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As part of the Equality and Human Rights Commission’s initiative to identify effective approaches to tackling prejudice and unlawful behaviour, ROTA has requested an independent evaluation of the Equality Law Project. This evaluation which is conducted in partnership by the Runnymede Trust and Greenwich University, will enable us to demonstrate and evidence the value of the training and support we provide in using the Equality Act 2010.
Preliminary findings from ROTA suggest that BAME people are among the least-represented group as Trustees of charities, in the UK. The Boards of many mainstream voluntary sector organisations have few or no BAME trustees. Although the charities in our survey were aware of the need to increase diversity amongst their trustees, there was little evidence that positive steps were being taken to address this issue.
Learn more about the reasons why this may be happening, and what ROTA hopes to do to improve the level of BAME representation in our report HERE.
Read our blog: Social integration report: more questions than answers by Kimberly McIntosh, ROTA Policy Officer.
"Last week, the APPG on Social Integration led by Chukka Umunna MP, released its interim report, centred on 6 principles. Some of the recommendations are welcome, but it left us with more....... continue >>>
Read our blog: The Importance of an Intersectional Approach in Social Research by Hanna Stephens, ROTA Volunteer.
"ROTA has for many years been concerned about how to improve the life chances of black and minority ethnic populations in the process of settlement and adaptation into British society and how that society also adapts to....... continue >>>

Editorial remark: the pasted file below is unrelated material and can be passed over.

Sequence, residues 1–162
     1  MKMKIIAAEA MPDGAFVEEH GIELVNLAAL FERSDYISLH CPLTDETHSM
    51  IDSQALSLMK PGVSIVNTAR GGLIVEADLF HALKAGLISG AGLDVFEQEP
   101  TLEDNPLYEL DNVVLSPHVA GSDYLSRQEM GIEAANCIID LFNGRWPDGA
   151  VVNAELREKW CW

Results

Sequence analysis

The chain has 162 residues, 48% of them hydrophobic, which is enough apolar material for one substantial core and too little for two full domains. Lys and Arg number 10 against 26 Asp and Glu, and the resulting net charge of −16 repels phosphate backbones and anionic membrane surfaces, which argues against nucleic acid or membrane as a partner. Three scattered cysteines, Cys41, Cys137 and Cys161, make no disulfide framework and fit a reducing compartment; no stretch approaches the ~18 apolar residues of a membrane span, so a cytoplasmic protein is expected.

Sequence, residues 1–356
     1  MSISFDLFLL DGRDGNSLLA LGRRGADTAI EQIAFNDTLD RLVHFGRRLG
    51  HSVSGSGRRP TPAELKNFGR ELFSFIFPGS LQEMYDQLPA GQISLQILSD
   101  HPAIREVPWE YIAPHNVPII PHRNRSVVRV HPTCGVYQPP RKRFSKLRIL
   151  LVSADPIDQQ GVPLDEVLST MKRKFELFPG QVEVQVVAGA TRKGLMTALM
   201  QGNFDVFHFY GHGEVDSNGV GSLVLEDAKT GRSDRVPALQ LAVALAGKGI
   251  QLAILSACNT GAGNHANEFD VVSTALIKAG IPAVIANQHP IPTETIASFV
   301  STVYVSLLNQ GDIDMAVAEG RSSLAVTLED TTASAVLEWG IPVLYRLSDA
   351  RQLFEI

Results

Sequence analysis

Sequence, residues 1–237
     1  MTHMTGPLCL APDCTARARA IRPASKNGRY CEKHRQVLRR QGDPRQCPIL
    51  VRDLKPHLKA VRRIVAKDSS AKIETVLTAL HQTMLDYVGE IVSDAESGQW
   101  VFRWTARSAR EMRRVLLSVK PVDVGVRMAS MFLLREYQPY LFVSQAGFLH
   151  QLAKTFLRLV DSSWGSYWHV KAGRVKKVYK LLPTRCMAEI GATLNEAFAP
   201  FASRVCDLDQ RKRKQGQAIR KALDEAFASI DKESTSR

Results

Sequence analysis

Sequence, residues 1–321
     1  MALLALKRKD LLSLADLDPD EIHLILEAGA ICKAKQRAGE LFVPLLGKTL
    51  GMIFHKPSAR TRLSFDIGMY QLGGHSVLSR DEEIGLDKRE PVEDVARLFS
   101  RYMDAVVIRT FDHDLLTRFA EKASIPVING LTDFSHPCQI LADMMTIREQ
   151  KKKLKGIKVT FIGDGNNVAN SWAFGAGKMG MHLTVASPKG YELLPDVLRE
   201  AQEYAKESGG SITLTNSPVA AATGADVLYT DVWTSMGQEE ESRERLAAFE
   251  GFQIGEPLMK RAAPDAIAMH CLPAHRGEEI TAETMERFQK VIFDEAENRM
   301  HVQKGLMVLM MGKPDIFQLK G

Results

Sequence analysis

Read the latest blog “Researchers reveal that diversity is good for your health“ by Andy Gregg, ROTA Chief Executive.
It has become a commonplace idea that the more ethnic diversity there is in a society the more conflict and ill-feeling there is. Difference and diversity are seen as negative and dangerous rather than as positive and engaging. Actually this assumption is highly questionable, but of course the ............ continue >>>
Read our latest blog: Mad World by Hanna Stephens, ROTA Volunteer
A quick Google search defines mental illness broadly as, ‘a condition which causes serious disorder in a person’s behaviour or thinking.’ When we live in a context where a “serious disorder” is often attached to acting and speaking out about racism rather than being racist, we must be critical about our own understandings of mental health and how they have been constructed by those with power.
In 1851, American physician Samuel Cartwright diagnosed black slaves who ........continue>>>
There is no shortage of programmes depicting the black experience. The BBC has its Black and British season, surveying our past and present from a variety of angles. Eagerly awaited is Steve McQueen’s planned epic chronicling the lives of an intergenerational black British family. But it isn’t always so. Read the full article here.
Read our blog: The Importance of an Intersectional Approach in Social Research by Hanna Stephens, ROTA Volunteer
“There is no thing as a single-issue struggle because we do not live single-issue lives.” – Audre Lorde
In researching BAMER issues in the UK, it is important not to homogenise racial struggle and instead understand the diversity of identities that are present in different racial groups. For this, it is important that we view things from an intersectional perspective.
Intersectionality arose from black feminist scholarship, the term coined by....... continue >>>